Why you need to pay attention to flexible working

Why you need to pay attention to flexible working 

Flexible working is key to the modern workplace, regardless of the size and age of your business.  This isn’t just a fad.

Flexible working is a legal requirement, business culture challenge, cost-saving opportunity and ‘lifestyle trend’ all rolled into one.

Here’s why you need to pay attention: 

  1. It’s the law. Legislation from 2014 means that all employees with more than 26 weeks’ service have the right to request flexible working from their employer. They can make one request a year and have the right to request changes to: their hours, term-time working, job-sharing, career breaks and/or working from home on a regular basis. You don’t have to accept the request but you must have a ‘reasonable’ explanation for turning it down.
  2. The workforce is changing and expectations are changing too. Research has shown that millennials are more demanding in their jobs but they’re not the only ones. Parents, carers, employees with voluntary and sporting interests and people working in portfolio careers all really value and expect a chance to work more flexibly.
  3. Flexibility increases engagement and productivity  It makes sense that giving people more control over how, where and when they work provides a sense of ownership of their work and increases their commitment to their employer. A CIPD study found that 72% of managers said that flexible working had a positive impact on staff engagement, Bedrock clients have also said that working at home for a day a week makes some staff more productive as they are away from the distractions from the office.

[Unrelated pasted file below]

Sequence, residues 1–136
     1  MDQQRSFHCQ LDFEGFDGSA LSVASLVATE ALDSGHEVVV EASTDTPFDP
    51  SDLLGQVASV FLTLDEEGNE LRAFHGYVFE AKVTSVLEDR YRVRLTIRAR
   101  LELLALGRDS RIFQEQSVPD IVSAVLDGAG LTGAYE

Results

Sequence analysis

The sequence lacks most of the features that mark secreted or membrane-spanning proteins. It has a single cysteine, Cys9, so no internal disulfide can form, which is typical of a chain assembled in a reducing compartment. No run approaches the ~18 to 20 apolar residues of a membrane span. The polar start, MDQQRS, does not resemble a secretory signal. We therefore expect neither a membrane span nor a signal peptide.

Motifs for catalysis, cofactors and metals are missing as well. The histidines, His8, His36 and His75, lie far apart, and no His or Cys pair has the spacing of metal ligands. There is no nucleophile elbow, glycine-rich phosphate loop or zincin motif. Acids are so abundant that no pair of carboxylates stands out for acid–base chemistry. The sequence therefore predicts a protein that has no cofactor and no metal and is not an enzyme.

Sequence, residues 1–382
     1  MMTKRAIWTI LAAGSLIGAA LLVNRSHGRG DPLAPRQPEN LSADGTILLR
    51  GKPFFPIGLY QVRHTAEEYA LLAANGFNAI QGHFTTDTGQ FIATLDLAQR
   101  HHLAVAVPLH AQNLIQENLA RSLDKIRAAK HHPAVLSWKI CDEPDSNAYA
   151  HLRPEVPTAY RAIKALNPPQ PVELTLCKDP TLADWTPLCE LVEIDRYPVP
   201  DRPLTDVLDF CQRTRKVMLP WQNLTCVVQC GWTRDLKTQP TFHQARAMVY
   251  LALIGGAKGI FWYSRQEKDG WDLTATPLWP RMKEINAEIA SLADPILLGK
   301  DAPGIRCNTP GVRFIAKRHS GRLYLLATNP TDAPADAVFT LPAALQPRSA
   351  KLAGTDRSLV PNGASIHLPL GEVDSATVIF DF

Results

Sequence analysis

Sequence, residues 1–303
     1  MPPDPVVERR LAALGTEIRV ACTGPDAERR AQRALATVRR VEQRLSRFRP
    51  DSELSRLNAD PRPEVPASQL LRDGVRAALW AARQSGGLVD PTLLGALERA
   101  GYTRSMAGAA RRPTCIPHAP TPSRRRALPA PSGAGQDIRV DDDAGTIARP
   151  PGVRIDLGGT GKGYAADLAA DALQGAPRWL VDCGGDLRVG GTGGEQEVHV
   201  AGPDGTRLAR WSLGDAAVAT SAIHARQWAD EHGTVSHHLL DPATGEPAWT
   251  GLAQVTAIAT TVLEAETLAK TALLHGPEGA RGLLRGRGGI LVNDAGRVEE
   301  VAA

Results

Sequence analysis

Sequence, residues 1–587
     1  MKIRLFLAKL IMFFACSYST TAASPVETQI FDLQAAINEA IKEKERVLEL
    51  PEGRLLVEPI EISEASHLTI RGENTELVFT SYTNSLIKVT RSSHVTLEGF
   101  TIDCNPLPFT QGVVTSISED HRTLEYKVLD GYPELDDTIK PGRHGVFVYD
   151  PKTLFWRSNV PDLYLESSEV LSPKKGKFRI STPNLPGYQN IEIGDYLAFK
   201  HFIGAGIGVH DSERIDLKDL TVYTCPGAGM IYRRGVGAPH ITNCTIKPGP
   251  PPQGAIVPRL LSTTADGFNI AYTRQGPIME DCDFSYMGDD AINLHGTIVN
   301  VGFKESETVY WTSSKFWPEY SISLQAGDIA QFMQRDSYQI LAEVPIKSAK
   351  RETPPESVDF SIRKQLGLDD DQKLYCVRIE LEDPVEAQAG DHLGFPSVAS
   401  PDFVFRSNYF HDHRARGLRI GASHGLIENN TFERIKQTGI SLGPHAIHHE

4. It gives you an edge in recruitment and talent acquisition. Being proactive in the flexible working offered as part of your benefits package can count as much as salary and annual leave. A good total package will attract talent to your organisation and give you an edge over your competitors.
  5. Turnover will cost you employees are much more likely to look around if they are unhappy with a part of their package. Why lose a good employee and pay thousands of pounds to replace them? Traditionally this situation has applied to mothers returning from maternity leave, but now employees of all ages are choosing jobs that offer flexible working. A survey showed that 25% of employees would choose flexible working over a pay rise
  6. It’s part of your company’s culture Like it or not, you are judged by your approach to flexible working and it forms part of what people believe about your company. As the boundaries blur between the internal culture and your external brand, we think that in this case good HR is good PR
  7. You want your organisation to grow. The networking and opportunities that flexible working in shared workspaces can bring will add new ideas, creativity and challenge to your way of thinking. If you’re in start-up phase, a shared workspace  [link] can help with this process
  8. But – it’s not a one-size-fits-all. Not all flexible working practices will work for everyone, and it’s important to trial changes to see how they affect your delivery. Consider carefully which options suit your business model – for example could you offer flex-hours around a core hours each day to ensure there is always a good number of the team together? Would a rota of home working work that is shared and owned by the team members?

What to do if you’re thinking about implementing flexible working in your company: 

  1. Talk to us – If you’ve had requests, you must respond within a certain timescale and give a ‘reasonable’ response. If you want to be proactive about your flexible working policy we can help think through what will suit your organisation.
  2. Make sure that your employees are aware of their right to request and be aware that this may lead to an increase in requests
  3. Consider what might work for your company talk to your managers and your customers to come up with ideas for designing solutions that suit your delivery
  4. Talk to your team what would help them in their roles and their personal lives?
  5. Try it, evaluate, try something different we recommend running a pilot of any changes first and then evaluating after 2 months. It’s best to try a number of options to see how each affects your organisation.